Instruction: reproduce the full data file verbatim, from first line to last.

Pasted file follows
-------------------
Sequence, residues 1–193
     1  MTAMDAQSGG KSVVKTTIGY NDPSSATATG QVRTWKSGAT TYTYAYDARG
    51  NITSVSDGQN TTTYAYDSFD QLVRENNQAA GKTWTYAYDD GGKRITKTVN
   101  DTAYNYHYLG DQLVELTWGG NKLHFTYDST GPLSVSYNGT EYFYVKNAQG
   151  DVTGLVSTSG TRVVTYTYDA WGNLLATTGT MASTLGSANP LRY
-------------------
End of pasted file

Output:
Sequence, residues 1–193
     1  MTAMDAQSGG KSVVKTTIGY NDPSSATATG QVRTWKSGAT TYTYAYDARG
    51  NITSVSDGQN TTTYAYDSFD QLVRENNQAA GKTWTYAYDD GGKRITKTVN
   101  DTAYNYHYLG DQLVELTWGG NKLHFTYDST GPLSVSYNGT EYFYVKNAQG
   151  DVTGLVSTSG TRVVTYTYDA WGNLLATTGT MASTLGSANP LRY